The Cold War and the re-imagining of the Cold War was discussed in the session that followed. Nick Barnett of Plymouth University explored the rise of ‘Cold War’ nostalgia, as seen in The Game (2014) and Deutschland 83 (2015). Justin Harrison, of the University of Victoria, Canada, talked introduced the idea of The Avengers (the British 1960s’ version) as a Cold War narcotic. Joseph Oldham from Warwick University talked about the early, and positive, depiction of surveillance culture in Bugs, the barely-remembered BBC TV series broadcast between 1995 and 1999, and discussed the idea that the show was the 1990s’ equivalent of The Avengers.
Catherine Edwards explored the structure of narrative in adaptations of John le Carré novels, and then it was me, with my talk on the origin and use of words and phrases such as ‘Bond, James Bond’, ‘Bond girls’ and ‘Bond(o)mania’. I also explored some of the factors to explain why some terms have been more successful that others (anyone still use the word ‘Bondmanship’?). The session was rounded off with Barbara Korte‘s (University of Freiburg) discussion of the agency of the agent in Spectre. Is Bond autonomous – a lone wolf, as traditional he is – or does technology and the modern apparatus of intelligence take the agent out of agency?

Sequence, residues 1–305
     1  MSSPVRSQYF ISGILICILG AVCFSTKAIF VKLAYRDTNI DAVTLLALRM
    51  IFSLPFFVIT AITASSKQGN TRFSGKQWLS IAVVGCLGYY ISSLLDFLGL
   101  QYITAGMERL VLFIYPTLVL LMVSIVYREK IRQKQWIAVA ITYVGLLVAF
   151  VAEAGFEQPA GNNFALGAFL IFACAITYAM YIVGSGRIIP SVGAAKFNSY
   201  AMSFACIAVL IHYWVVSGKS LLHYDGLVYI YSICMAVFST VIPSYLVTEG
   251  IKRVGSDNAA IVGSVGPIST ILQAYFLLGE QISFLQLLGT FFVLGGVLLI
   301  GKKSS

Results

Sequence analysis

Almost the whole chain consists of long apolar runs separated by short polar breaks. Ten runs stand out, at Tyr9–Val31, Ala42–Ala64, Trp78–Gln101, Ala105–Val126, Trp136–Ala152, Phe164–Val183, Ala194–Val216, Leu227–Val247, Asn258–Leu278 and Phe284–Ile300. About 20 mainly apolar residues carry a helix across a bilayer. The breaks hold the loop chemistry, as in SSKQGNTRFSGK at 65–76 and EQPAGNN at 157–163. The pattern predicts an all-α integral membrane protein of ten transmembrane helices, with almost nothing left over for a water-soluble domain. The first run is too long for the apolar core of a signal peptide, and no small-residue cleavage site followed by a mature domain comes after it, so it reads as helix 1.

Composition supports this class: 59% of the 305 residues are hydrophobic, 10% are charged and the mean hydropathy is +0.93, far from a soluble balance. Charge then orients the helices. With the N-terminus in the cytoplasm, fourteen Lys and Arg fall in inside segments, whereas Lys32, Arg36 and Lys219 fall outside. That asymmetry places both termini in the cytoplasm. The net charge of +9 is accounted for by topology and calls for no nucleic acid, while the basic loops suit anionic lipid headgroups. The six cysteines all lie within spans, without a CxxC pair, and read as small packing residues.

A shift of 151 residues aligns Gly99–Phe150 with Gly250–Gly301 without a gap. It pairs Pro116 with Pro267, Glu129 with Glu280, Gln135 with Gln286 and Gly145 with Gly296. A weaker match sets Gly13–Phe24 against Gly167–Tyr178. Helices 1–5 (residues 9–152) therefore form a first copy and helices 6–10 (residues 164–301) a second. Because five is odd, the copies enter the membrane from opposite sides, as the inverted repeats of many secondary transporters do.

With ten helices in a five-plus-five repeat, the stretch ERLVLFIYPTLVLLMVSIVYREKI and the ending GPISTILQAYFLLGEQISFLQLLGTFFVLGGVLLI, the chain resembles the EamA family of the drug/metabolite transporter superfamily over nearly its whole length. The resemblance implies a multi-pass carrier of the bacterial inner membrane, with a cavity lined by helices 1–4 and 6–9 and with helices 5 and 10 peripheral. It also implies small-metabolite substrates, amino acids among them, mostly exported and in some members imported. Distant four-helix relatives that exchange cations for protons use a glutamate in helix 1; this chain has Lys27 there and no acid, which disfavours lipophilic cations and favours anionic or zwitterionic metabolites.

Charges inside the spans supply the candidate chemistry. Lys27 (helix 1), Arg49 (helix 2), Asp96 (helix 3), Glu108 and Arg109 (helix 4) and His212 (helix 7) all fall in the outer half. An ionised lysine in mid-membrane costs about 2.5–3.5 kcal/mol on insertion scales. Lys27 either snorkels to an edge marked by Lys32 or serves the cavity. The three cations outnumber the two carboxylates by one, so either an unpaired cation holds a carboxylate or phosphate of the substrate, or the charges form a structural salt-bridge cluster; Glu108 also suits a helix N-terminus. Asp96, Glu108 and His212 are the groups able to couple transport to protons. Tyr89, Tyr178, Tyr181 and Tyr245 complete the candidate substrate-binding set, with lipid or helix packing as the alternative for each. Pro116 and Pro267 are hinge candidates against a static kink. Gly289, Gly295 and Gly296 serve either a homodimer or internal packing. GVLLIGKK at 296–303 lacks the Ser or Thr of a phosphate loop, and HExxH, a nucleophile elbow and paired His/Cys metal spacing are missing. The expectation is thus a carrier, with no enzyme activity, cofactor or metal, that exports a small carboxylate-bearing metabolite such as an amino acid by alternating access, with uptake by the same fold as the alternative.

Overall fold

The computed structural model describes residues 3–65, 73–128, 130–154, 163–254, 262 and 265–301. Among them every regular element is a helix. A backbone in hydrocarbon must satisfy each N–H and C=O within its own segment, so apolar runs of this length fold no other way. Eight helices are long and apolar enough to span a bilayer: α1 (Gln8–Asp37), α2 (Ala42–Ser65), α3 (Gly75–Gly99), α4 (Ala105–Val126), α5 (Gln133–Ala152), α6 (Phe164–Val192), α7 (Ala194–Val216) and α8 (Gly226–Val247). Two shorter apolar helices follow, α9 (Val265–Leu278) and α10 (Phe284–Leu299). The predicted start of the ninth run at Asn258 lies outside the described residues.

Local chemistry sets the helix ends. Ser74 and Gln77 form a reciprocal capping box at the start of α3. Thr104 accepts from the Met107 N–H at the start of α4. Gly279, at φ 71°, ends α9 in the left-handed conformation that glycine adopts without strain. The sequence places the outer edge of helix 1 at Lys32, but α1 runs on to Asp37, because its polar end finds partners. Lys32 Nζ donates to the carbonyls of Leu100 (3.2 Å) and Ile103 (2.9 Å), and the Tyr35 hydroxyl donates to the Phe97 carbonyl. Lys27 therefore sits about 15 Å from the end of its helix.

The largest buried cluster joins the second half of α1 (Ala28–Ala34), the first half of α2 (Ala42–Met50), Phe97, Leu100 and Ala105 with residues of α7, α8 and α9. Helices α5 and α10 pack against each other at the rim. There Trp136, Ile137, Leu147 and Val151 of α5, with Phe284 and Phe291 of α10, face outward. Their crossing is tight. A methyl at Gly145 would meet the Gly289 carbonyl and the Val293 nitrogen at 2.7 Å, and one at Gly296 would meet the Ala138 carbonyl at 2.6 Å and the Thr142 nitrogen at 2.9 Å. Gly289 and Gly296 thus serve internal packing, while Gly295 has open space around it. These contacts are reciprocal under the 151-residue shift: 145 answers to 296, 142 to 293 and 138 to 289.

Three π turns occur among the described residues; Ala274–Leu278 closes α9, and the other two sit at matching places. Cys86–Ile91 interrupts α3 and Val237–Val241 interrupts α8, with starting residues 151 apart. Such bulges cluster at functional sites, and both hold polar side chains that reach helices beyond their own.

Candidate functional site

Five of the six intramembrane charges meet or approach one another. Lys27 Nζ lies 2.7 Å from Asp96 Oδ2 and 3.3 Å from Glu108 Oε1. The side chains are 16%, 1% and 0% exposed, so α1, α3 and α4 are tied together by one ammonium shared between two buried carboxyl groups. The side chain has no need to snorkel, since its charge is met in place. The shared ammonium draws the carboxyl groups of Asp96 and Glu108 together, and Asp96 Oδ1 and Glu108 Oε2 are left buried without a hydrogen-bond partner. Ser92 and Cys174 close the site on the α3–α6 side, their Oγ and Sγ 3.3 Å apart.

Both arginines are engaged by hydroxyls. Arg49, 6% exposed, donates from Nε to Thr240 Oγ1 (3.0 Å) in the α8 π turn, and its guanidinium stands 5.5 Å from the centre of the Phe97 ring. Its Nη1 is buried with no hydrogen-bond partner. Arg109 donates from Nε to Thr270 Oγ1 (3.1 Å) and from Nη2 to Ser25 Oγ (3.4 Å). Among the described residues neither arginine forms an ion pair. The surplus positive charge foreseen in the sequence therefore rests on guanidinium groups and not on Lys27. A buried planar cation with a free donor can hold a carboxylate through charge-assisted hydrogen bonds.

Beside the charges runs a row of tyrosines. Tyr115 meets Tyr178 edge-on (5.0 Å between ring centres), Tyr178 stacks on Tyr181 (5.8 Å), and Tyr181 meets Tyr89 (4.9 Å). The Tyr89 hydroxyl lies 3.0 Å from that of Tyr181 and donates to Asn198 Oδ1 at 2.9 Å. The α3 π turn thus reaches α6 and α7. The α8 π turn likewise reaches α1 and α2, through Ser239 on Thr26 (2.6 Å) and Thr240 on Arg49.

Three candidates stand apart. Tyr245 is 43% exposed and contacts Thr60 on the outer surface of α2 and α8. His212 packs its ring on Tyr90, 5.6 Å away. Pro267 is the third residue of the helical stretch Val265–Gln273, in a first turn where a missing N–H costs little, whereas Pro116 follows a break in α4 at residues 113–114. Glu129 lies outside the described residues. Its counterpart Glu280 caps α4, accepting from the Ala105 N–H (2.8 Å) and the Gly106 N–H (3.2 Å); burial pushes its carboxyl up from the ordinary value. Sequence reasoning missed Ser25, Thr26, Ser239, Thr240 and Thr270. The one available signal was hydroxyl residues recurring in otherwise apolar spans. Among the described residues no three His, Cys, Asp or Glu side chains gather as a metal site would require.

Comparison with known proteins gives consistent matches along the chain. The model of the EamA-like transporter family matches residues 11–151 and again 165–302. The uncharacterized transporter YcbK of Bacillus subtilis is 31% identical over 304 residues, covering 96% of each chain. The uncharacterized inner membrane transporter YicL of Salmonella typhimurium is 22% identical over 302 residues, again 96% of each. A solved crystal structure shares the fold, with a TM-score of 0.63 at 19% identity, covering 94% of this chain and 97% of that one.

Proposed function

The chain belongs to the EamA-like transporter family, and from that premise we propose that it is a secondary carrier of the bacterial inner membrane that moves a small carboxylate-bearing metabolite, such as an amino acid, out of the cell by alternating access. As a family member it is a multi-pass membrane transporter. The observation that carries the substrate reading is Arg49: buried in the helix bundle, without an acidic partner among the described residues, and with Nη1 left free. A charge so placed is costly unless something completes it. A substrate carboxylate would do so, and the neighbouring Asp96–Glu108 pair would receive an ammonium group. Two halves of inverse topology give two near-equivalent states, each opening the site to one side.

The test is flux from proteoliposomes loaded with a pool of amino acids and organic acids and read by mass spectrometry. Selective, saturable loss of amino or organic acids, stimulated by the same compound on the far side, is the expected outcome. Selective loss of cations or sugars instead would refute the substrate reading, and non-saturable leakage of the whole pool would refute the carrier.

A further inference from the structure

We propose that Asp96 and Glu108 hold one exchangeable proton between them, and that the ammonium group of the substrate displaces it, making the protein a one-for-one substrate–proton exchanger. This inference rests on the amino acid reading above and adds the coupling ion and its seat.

Day 3: We were back in the lecture theatre bright and early on Sunday morning for the third and final day of the conference. Filipa Moreira (Lisbon University Institute) kicked proceedings off with an account of her research on the development and success of the Bond brand, and highlighted how the Bond films maintain their currency with the use of product placement.
Delegates were then treated to a showing of the episode of Whicker’s World in which Alan Whicker visited the set of You Only Live Twice. (I was glad to hear the use of some of the Bondian words and phrases I had discussed in my paper, including ‘Bond girls’ and ‘Bondomania’.)